Gathered in my Name

The Rev. Dani Gabriel

Sermon, September 6th, 2020


Gathered in my Name

I love Sundays. My old habit was to wake up early and walk to church in the morning chill. I’d get to St. Alban’s at least an hour before the service. I’d let myself in and I could hear Fred in the Parish Hall getting ready for coffee hour but otherwise nobody else was in the building. Usually the hallway would be dark. I’d open the sacristy and get a chill, it’s always colder in there for some reason. I’d place my sermon on the lectern, corners folded, and check the Gospel book and the altar book. I’d make sure the bulletins were out and I’d often mess with something the Altar Guild would prefer that I didn’t. I’d go back and put on my alb and listen to people arrive in the sanctuary. One by one, each voice I knew, settling into the pews. And then Richard would begin to play and whoever was serving would join me in the sacristy. We would pray together, and that always marked the real start of the service for me.

This passage is all about the collective nature of our lives as Christians. It refers to the church, one of only 2 times the word appears in the Gospels, the body that has changed greatly over time but seeks still, in ways the disciples couldn’t have imagined, to follow Christ. This passage is about how we are to manage those relationships with great care, and at the heart of it it’s also about how relationship is significant to God. Relationships are how we know God, and relationships are where God meets us.

We quote this passage all the time, but what does “where two or three are gathered in my name, I am there among them.” mean right now?

I can’t listen to you all arrive, or get an early cup of coffee from Fred. There’s no altar party to pray with. The peace at St. Alban’s was legendary, it was one of the highlights of church for me. I’ve never seen anything like it. Every single person shaking hands with or hugging every other person, the news of the week being shared, and such boisterous joy. I remember having to shout to regain everyone’s attention. But no more. We can’t congregate in the sanctuary, and a handshake or a hug would be a total impossibility if we could. Our lives have changed. Our life as a church has changed. It’s been six long months. I don’t know how it feels to you, but to me it feels like years.

My new routine is different. I’m still up early but there’s nowhere to go. I bring my coffee with me to church. I’m still always early, to check in with Becky before the service starts. There’s often some issue with Zoom. Then one by one names and faces appear until the screen is full. I still find Zoom overwhelming, I can’t always focus. But I do hear those familiar voices, and then seemingly from a million miles and a million years away, Richard plays the prelude.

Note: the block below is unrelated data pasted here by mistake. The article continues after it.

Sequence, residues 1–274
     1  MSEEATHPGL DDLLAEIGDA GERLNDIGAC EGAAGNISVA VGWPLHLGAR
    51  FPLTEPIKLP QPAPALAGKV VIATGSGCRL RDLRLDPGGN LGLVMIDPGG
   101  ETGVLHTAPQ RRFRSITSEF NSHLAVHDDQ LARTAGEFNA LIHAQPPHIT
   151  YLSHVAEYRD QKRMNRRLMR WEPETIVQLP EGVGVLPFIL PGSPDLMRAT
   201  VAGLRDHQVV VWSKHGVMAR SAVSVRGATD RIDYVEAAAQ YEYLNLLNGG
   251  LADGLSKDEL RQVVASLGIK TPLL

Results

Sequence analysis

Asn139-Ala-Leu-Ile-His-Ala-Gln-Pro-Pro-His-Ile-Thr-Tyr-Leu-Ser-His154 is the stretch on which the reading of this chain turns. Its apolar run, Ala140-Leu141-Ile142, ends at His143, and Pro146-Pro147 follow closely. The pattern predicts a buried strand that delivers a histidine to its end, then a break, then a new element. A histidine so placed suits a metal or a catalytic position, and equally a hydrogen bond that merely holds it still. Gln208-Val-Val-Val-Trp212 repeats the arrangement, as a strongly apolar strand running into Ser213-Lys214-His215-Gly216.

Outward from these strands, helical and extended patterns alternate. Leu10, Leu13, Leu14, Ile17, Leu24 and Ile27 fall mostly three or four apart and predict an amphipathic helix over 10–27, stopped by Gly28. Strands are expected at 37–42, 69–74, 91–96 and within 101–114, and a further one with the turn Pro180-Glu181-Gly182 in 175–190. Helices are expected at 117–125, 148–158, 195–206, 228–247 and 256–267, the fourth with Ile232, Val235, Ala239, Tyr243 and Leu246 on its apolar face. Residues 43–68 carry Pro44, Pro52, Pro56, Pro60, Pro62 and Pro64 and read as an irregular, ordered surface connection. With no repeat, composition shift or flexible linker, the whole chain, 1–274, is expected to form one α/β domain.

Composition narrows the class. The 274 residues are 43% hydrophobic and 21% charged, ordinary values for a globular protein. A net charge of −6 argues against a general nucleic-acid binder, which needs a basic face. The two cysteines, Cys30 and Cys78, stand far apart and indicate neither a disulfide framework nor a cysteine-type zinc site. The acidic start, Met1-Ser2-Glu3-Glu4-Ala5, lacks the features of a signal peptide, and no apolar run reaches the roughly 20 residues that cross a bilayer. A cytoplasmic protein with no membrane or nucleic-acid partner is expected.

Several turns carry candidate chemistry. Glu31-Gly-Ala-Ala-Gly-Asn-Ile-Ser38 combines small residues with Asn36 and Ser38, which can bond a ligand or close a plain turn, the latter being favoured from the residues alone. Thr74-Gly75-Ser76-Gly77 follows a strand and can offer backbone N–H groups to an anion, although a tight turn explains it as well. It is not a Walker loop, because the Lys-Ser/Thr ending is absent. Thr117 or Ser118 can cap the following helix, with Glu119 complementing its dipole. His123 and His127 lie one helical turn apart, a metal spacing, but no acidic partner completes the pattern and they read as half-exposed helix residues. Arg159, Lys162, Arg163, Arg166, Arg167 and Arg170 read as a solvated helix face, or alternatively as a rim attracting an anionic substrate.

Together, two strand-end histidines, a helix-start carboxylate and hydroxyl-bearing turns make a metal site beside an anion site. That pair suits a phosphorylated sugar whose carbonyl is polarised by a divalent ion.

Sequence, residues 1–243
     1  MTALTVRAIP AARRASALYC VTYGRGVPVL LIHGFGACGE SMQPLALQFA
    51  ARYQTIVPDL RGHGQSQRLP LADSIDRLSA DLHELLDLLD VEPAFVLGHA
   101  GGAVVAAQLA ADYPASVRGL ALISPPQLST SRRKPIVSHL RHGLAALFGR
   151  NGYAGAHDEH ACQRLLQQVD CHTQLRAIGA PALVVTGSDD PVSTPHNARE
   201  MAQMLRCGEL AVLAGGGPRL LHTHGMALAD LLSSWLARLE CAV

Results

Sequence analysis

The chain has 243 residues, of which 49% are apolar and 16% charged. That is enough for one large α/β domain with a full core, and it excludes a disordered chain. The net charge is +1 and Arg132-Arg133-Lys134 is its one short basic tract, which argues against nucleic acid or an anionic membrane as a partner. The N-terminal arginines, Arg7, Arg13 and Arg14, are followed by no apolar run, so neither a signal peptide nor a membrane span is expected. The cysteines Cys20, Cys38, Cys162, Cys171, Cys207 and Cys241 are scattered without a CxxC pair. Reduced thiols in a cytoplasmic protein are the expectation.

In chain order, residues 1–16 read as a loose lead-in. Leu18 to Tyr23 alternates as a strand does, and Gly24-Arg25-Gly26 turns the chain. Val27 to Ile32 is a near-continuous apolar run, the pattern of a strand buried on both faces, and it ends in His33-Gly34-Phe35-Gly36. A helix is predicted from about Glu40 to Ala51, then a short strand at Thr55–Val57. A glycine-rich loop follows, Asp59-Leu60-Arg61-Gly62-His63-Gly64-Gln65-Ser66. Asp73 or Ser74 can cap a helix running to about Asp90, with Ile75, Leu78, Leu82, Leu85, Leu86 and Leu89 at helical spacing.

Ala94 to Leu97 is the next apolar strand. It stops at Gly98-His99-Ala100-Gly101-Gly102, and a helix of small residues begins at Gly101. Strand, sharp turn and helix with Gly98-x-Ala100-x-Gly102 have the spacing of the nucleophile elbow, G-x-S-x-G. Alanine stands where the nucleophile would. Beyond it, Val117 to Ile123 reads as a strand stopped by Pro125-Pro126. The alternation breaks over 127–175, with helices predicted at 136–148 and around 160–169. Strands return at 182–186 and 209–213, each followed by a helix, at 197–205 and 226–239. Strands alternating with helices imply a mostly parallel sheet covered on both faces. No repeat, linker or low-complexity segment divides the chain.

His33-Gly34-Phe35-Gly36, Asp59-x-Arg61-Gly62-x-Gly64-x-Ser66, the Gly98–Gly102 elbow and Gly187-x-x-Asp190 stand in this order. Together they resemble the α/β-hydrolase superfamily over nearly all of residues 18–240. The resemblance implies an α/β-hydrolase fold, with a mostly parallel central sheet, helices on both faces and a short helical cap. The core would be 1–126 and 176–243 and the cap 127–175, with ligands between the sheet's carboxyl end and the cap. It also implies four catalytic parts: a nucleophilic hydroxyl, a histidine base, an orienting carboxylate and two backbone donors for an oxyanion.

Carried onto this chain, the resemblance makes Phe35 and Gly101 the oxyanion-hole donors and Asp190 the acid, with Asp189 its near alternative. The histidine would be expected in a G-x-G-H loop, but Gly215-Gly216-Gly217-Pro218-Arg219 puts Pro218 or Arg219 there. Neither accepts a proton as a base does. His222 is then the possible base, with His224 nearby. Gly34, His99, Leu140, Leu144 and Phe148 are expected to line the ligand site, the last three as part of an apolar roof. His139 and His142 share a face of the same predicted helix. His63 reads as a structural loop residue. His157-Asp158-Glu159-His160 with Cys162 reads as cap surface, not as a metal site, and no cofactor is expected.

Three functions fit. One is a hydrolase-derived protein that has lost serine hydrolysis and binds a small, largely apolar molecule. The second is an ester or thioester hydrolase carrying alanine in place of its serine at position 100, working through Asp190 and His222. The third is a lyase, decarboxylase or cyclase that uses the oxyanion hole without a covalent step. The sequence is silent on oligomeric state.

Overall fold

It is both a radical departure, and the same St. Alban’s that has been a comfort and a joy to our community for so many years.

At the beginning of the pandemic I questioned whether we could even be gathered over the internet. Like, would it count? Would Jesus show up? It sounds a little silly but I honestly wasn’t sure. I was nervous that we would cease to be the Body of Christ if we couldn’t physically gather as a body. I am embarrassed now that my idea of the Holy was so small that I doubted.

We have had our share of mishaps. Some Sundays the hymns won’t play right, the wrong person speaks at the wrong time, someone neglects to mute themselves. But the Gospel is always the Gospel. It always carries Good News for the poor and the oppressed, which has only become more relevant in recent weeks. And that is what brings us together and makes us who we are as Christians, this message of hope for the hopeless, in all times and places, even this one.

If I were a little more clever I would create a Zoom account for Jesus, so we could see Him arrive in our midst, maybe I’d even add a picture. But He is surely here where we are gathered, just as if he had his own little rectangle on the screen. He’s here in our commitment to keep showing up, to keep being church, to keep being active in our church community and our community at large as voices and labor for justice and for service.

Let’s continue to care for our relationships, to notice who’s not here, and to build the beloved community in new ways. None of us thought we’d be here a year ago. There’s no telling where we’ll be a year from now. But I believe we will still continue to gather in some format, and that Christ will be present wherever and however that is, and that it will be nothing short of miraculous.